GAR formyltransferase monomer, Human
|PDB structures||RCSB PDB PDBe PDBsum|
Phosphoribosylglycinamide formyltransferase (EC 184.108.40.206, 2-amino-N-ribosylacetamide 5'-phosphate transformylase, GAR formyltransferase, GAR transformylase, glycinamide ribonucleotide transformylase, GAR TFase, 5,10-methenyltetrahydrofolate:2-amino-N-ribosylacetamide ribonucleotide transformylase) is an enzyme with systematic name 10-formyltetrahydrofolate:5'-phosphoribosylglycinamide N-formyltransferase. This enzyme catalyses the following chemical reaction
- 10-formyltetrahydrofolate + N1-(5-phospho-D-ribosyl)glycinamide tetrahydrofolate + N2-formyl-N1-(5-phospho-D-ribosyl)glycinamide
This THF dependent enzyme catalyzes a nucleophilic acyl substitution of the formyl group from 10-formyltetrahydrofolate (fTHF) to N1-(5-phospho-D-ribosyl)glycinamide (GAR) to form N2-formyl-N1-(5-phospho-D-ribosyl)glycinamide (fGAR) as shown above. This reaction plays an important role in the formation of purine through the de novo purine biosynthesis pathway. This pathway creates inosine monophosphate (IMP), a precursor to adenosine monophosphate (AMP) and guanosine monophosphate (GMP). AMP is a building block for important energy carriers such as ATP, NAD+ and FAD, and signaling molecules such as cAMP. GARTfase's role in de novo purine biosynthesis makes it a target for anti-cancer drugs and its overexpression during postnatal development has been connected to Down syndrome. There are two known types of genes encoding GAR transformylase in E.coli: purN and purT, while only purN is found in humans. Many residues in the active site are conserved across bacterial, yeast, avian and human enzymes.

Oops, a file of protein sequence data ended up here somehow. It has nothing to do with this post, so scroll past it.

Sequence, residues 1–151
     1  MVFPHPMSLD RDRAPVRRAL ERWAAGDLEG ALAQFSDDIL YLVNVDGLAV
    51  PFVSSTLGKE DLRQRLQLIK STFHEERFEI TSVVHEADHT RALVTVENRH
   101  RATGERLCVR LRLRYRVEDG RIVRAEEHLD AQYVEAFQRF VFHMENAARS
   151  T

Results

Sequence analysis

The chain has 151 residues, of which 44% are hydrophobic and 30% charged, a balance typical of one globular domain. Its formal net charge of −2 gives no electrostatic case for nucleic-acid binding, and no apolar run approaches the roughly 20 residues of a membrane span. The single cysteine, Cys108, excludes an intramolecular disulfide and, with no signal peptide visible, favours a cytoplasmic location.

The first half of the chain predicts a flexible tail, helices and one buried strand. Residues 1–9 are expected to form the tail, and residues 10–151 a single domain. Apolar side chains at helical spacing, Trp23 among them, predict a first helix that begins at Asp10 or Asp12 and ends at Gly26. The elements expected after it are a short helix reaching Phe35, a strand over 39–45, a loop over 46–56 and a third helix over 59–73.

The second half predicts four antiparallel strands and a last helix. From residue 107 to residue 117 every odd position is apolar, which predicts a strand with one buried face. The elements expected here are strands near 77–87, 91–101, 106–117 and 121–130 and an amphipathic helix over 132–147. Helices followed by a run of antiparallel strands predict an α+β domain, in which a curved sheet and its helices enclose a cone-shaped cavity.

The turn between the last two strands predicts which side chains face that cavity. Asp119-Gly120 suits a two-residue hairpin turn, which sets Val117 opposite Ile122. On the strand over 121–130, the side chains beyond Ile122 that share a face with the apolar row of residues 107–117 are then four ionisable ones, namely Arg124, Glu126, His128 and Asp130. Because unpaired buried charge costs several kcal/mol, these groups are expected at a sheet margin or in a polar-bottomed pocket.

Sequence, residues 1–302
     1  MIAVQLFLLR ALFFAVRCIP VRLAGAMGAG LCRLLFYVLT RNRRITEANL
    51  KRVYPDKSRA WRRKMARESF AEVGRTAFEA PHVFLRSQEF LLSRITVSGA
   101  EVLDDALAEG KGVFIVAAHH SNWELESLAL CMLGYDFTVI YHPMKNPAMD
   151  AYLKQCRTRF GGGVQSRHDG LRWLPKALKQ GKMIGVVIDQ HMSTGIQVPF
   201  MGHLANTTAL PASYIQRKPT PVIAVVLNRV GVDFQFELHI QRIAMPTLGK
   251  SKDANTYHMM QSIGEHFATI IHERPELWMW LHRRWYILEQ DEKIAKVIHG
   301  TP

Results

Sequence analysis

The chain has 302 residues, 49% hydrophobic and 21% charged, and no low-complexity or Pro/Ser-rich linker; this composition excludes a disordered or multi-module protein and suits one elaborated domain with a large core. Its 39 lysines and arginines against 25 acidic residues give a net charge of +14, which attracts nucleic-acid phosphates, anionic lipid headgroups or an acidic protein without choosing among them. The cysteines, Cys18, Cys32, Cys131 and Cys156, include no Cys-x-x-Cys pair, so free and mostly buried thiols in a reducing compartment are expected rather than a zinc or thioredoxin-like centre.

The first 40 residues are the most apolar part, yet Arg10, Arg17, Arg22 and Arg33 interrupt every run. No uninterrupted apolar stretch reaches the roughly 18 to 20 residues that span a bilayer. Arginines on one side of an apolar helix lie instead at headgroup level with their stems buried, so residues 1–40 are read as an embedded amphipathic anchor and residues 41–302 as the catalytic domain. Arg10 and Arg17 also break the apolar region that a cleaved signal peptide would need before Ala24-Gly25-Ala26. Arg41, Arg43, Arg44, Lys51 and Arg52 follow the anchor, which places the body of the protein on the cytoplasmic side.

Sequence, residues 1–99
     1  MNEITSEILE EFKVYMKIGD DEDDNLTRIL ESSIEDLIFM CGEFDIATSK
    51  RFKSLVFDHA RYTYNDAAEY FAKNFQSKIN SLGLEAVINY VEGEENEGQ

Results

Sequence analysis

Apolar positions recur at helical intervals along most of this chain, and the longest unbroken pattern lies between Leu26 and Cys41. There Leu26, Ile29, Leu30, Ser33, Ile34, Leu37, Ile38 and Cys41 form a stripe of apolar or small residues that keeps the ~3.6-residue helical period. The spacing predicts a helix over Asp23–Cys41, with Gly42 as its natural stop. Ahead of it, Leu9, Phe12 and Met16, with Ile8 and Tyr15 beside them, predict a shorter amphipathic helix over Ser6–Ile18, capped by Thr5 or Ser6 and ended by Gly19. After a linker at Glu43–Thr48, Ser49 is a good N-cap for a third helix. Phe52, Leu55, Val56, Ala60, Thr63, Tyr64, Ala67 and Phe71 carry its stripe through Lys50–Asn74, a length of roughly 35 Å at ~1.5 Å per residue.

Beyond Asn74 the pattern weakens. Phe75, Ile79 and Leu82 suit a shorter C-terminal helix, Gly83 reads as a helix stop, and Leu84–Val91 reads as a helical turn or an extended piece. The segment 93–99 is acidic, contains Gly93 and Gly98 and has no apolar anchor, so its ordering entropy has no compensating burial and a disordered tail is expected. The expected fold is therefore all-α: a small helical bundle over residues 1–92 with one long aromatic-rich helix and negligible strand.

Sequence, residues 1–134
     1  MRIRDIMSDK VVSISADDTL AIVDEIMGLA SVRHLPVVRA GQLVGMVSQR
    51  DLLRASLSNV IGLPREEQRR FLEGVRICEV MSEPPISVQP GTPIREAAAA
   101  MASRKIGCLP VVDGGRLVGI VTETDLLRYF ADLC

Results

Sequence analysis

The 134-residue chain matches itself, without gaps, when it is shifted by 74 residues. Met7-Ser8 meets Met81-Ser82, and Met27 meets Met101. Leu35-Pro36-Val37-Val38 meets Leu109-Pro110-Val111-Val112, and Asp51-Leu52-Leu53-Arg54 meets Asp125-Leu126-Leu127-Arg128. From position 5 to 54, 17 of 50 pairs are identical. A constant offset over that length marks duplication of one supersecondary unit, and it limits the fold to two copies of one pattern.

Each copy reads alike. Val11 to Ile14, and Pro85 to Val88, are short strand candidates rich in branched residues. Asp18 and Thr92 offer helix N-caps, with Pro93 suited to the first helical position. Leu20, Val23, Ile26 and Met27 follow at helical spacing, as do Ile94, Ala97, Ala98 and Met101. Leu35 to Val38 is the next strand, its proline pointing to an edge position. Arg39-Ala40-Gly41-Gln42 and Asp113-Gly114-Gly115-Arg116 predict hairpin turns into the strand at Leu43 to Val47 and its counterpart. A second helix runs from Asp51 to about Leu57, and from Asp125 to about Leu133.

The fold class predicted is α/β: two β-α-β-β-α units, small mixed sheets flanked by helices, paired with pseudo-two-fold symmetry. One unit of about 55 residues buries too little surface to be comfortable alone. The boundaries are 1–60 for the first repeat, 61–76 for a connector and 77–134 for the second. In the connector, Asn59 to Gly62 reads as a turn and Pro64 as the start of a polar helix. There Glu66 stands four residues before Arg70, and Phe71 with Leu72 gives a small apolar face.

In humans, GARTfase is part of trifunctional enzyme which also includes glycinamide ribnucleotide synthase (GARS) and aminoimidazole ribonucleotide synthetase (AIRS). This protein (110kDa) catalyzes steps 2, 3 and 5 of de novo purine biosynthesis. The proximity of these enzyme units and flexibility of the protein serves to increase pathway throughput. GARTfase is located on the C-terminal end of the protein.
The structure can be described by two subdomains which are connected by a seven-stranded beta sheet. The N- terminal domain consists of a Rossman type mononucleotide fold, with a four strand part of the beta sheet surrounded on each side by two alpha helices. The beta sheet continues into the C terminal domain, where on one side it is covered by a long alpha helix and on the other it is partially exposed to solvent. It is the cleft between the two subdomains where the active site lies.
The cleft consists of the GAR binding site and the folate binding pocket. The folate binding pocket is delineated by pteridine-binding cleft, the formyl transfer region and the benzoylglutamate region which bind thepteridine head and a benzoylglutamate tail connected by a formyl bound nitrogen of fTHF. This folate binding region has been the subject of much research because its inhibition by small molecules has led to the discovery of antineoplastic drugs. The folate binding loop has been shown to change conformation depending on the pH of solution and as such Human GAR transformylase shows highest activity around pH 7.5-8. Lower pH (~4.2) conditions change the conformation of the substrate (GAR) binding loops as well.